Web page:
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Marco Andretti once again fastest in practice for Indy 500

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For the second time in three days, Marco Andretti turned in the fastest speed during Friday’s practice session for the May 27th Indianapolis 500.

The beneficiary of increased horsepower at his disposal today – as were the other 34 drivers in the field, as well – Andretti covered the 2.5-mile oval at a stout speed of 231.802 mph.

“We’ve been feeling good actually, pretty good in traffic, which obviously the tow time shows that, and the car is close in race trim,” Andretti said. “I don’t know how much better we can get it.

“But qual trim alone, I’m not pleased with the car speed right now. I think we’re right on the bubble of the Top Nine to be honest. And I think it’s going to take us to nail it to get it in, as with probably five or six other guys, we’re going to be right there with them, and I think it’s going to be all about a third and fourth lap, and we’re just going to have to nail it and do everything right to get it in. Hopefully we can.”

Throughout the first four days overall of practice thus far, Andretti has consistently been one of the fastest drivers in the field, including being No. 1 on Wednesday and again Friday.

“Well, obviously it is very important to win the race, but the month is a roller coaster,” the third-generation racing member of the Andretti family said. “If there’s one thing I’ve learned in my 13 years here, you just have to be prepared for the roller coaster.

“You look at Graham (Rahal), he’s No. 1 yesterday, he’s struggling today. I could be struggling tomorrow. That’s the way it works. We just need to maximize every time out there, take it corner by corner and hopefully make the right decision at the right time. This place, it always helps to catch the circumstances right, as well. Not only in qualifying but over the course of the 500 miles, it picks the winner, right?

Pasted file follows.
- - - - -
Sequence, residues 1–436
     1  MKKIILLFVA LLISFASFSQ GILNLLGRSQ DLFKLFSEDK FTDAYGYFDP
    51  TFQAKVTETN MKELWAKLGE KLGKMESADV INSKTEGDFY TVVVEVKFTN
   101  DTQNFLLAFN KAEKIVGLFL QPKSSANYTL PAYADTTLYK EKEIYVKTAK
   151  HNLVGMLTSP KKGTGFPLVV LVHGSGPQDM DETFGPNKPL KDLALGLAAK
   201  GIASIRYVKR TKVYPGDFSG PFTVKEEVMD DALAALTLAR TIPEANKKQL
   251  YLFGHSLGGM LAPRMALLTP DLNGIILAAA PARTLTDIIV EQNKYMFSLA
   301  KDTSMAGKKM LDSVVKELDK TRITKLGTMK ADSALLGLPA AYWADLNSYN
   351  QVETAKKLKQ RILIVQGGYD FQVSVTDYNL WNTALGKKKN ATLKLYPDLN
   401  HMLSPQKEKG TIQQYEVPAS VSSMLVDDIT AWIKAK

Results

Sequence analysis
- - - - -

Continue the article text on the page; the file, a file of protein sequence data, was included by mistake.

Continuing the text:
“I’m just focused on trying to be quickest every time out, and I’ll smile when I’m quickest every time out.”

Canadian driver and IndyCar rookie Robert Wickens was second-fastest at 231.732 mph, followed by team owner and part-time driver Ed Carpenter (231.066 mph).

“Well, first off, I feel like I don’t fully deserve to be here,” Wickens said. “I mean, Fast Friday is for qualifying and all that stuff, but my very first lap of the day, two people came out of the pits in front of me, and I just got like this insane tow that got me to where I am.

“Honestly, we have a lot of work to do. I think we’re okay by ourselves here on Fast Friday, but we’re definitely, in my opinion, on the outskirts of the Fast Nine, which is my goal for (Saturday).

Veteran IndyCar driver Oriol Servia, who is competing in a one-off event in a third car for Rahal Letterman Lanigan Racing in the 500, was fourth-fastest (230.247 mph).